Camels And Carbon Credits.
Australia poised to allow camel cull
By Pilita Clark in London
Published: June 7 2011 18:55 | Last updated: June 7 2011 20:55
Killing a camel to earn a carbon credit may seem a curious way to tackle climate change, but one country is poised to allow investors to do precisely that.
The camel culling plan is one of the first to arise under the Australian government’s new “carbon farming initiative”, a scheme that lets farmers or investors claim carbon credits if they can show they have cut greenhouse gas emissions.
Such emissions are plentiful in Australia’s desert centre thanks to the region’s large population of feral camels, a legacy of the herds introduced in the 19th century to help settle the continent’s interior.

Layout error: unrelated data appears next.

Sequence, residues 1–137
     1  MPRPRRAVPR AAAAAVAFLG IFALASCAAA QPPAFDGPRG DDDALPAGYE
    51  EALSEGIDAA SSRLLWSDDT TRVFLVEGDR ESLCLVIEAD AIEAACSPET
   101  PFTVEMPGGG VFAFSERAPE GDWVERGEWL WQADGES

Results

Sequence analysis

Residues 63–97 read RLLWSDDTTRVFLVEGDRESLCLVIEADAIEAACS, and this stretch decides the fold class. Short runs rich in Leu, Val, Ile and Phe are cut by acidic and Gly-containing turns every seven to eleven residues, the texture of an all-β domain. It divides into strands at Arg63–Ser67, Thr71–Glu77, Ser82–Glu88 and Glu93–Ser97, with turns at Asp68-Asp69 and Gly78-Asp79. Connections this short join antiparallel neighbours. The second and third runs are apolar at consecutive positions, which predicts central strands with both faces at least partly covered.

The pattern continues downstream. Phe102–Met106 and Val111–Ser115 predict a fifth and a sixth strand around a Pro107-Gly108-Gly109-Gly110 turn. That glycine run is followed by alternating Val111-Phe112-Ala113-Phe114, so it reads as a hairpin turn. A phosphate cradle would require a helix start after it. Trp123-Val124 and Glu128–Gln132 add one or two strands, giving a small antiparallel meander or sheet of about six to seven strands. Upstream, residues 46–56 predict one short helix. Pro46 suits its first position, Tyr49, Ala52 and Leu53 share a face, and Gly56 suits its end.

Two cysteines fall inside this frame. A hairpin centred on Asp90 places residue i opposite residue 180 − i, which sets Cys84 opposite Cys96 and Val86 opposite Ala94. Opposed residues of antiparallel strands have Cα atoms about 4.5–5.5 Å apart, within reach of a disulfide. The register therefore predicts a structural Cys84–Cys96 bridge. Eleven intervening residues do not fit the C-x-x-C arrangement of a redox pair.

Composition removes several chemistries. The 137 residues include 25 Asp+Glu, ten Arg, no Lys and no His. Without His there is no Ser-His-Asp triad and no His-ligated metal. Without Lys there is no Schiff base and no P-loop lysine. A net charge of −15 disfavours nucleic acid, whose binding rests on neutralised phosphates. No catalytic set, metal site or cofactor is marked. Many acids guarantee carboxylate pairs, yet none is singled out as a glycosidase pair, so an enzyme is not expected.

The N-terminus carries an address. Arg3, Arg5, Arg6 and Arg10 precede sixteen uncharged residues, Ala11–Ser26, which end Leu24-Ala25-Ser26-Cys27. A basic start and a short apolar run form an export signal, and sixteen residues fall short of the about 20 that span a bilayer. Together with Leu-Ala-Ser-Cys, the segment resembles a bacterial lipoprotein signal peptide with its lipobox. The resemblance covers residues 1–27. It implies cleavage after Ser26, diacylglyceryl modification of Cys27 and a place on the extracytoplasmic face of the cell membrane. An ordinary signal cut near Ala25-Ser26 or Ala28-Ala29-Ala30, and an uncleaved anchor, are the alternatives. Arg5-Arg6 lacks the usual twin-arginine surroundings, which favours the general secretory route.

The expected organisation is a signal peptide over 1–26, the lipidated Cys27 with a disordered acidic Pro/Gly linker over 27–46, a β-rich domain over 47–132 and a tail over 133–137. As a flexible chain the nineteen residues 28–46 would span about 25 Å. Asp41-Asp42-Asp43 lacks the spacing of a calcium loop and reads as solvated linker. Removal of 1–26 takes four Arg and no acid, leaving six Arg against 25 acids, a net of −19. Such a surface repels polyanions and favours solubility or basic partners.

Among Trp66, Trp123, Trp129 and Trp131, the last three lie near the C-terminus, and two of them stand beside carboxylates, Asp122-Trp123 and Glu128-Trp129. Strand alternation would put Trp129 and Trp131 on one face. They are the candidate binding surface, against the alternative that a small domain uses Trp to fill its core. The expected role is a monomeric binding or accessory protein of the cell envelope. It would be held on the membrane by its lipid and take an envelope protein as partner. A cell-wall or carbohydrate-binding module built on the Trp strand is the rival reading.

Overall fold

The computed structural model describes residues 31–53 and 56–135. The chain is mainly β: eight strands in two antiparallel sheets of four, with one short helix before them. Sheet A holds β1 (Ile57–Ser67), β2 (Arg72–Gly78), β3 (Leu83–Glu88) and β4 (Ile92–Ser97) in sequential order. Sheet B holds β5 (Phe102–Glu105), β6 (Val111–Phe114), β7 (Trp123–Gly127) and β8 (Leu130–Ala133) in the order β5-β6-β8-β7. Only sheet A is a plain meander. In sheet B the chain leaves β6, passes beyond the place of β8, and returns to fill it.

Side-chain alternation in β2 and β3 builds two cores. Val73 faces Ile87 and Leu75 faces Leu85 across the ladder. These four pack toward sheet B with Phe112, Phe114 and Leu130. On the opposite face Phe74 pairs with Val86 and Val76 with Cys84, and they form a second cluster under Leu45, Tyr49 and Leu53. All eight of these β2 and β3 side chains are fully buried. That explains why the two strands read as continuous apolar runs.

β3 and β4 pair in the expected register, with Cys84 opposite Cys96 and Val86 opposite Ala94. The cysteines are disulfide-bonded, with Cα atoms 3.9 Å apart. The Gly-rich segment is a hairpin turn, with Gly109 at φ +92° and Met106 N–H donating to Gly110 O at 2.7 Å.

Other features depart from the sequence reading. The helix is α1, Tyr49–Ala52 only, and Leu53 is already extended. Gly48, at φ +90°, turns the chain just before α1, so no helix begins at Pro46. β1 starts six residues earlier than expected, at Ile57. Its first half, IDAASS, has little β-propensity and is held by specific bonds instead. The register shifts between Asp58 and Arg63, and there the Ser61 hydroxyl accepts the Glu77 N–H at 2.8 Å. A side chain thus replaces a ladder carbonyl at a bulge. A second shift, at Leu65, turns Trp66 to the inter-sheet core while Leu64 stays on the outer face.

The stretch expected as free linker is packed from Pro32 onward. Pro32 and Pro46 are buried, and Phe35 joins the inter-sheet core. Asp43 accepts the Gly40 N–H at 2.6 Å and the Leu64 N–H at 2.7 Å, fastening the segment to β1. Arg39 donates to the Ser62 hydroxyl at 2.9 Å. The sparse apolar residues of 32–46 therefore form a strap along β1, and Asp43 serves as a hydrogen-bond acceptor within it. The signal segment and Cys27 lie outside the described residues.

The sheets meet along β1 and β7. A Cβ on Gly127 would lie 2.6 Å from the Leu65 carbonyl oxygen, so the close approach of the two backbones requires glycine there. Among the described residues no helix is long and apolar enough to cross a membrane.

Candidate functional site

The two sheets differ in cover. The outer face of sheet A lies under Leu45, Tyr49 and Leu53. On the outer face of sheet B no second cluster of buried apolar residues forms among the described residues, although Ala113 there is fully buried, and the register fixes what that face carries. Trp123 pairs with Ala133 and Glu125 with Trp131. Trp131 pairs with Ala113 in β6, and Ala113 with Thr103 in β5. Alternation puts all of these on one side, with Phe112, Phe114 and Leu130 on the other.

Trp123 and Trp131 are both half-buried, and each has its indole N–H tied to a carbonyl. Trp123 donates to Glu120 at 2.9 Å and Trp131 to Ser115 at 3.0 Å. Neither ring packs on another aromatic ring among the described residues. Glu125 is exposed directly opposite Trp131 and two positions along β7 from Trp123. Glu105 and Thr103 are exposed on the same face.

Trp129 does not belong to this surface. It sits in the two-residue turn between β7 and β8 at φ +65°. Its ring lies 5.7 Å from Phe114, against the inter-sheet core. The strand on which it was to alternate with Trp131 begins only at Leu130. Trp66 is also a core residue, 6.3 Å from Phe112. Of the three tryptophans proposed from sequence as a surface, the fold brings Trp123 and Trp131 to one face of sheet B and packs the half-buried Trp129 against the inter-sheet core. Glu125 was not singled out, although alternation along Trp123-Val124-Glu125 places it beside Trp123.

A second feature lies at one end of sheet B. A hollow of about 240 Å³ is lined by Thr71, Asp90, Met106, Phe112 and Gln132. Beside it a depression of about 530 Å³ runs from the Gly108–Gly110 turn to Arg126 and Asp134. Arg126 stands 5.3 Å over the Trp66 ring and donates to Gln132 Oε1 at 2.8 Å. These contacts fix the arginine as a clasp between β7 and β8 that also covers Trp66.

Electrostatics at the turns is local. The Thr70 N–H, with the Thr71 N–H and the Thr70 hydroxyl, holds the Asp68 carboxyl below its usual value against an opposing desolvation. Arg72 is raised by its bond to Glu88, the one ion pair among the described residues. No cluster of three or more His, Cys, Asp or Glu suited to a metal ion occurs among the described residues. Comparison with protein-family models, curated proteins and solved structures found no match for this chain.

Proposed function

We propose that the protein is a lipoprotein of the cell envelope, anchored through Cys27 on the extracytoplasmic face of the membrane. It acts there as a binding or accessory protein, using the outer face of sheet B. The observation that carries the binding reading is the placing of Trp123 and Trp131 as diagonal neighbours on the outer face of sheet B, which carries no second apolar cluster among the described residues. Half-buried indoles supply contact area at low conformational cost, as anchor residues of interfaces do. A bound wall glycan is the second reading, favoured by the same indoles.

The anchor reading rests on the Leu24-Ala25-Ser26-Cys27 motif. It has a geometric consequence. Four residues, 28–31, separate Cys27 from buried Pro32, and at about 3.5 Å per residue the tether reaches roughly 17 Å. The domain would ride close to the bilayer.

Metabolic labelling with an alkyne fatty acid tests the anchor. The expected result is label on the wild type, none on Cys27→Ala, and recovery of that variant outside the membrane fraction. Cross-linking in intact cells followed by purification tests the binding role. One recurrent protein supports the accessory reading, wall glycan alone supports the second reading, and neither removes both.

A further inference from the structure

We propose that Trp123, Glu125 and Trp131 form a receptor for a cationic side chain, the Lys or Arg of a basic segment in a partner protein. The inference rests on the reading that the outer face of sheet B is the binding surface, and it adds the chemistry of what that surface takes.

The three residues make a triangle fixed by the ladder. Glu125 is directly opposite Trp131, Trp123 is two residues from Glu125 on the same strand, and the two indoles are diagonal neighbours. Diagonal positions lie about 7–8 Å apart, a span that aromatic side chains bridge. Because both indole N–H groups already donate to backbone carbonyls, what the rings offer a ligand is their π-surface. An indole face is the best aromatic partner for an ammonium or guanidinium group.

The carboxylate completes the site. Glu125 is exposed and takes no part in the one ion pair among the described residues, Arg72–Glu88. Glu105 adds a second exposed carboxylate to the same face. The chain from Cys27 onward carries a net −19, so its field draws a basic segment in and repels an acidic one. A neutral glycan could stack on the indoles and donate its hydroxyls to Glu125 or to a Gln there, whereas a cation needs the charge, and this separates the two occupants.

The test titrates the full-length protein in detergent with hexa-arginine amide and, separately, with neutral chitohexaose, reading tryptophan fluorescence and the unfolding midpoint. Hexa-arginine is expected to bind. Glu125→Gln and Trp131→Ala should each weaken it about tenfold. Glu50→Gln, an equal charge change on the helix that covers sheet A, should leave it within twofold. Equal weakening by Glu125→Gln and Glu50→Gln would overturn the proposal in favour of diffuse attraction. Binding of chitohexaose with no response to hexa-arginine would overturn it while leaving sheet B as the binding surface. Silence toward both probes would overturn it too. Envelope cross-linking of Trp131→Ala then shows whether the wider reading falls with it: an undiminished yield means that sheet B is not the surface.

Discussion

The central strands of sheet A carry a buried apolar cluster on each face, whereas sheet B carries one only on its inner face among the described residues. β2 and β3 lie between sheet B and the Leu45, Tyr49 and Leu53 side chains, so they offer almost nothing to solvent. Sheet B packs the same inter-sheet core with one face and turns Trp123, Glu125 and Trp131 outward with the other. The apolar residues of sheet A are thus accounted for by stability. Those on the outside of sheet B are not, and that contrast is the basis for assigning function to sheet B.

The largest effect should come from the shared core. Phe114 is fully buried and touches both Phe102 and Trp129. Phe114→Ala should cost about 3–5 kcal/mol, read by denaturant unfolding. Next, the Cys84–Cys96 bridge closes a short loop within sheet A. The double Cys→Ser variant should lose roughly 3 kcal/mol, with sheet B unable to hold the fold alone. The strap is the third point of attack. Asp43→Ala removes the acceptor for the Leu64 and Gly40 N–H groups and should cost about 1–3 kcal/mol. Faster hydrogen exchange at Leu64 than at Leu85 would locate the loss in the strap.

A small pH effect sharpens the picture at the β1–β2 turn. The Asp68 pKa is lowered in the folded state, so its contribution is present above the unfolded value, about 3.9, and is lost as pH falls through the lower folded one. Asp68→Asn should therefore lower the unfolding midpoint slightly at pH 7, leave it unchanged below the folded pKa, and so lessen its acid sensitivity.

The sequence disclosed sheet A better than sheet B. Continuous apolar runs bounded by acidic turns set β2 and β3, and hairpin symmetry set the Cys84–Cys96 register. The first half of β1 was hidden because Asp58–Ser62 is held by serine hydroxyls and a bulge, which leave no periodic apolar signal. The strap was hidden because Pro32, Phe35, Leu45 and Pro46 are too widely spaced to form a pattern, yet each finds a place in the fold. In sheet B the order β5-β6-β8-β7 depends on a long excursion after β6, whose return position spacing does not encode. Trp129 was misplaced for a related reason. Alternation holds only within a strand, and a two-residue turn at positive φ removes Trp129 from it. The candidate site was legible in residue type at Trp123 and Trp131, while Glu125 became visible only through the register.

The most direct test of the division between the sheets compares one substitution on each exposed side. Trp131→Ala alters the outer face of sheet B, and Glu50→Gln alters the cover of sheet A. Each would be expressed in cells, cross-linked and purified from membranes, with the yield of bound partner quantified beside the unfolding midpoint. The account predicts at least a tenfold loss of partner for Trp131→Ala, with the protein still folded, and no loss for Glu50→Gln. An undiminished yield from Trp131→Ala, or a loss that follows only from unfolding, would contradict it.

More than 1m camels are now believed to be roaming across the Australian outback – one of the biggest camel populations in the world – and each emits methane, a greenhouse gas significantly more potent than carbon dioxide.
“It’s one of those ‘out of sight, out of mind’ problems,” said Tim Moore, managing director of Northwest Carbon, an Adelaide-based carbon project developer whose culling plan is one of only three proposals to have been accepted for official assessment by the carbon farming initiative so far.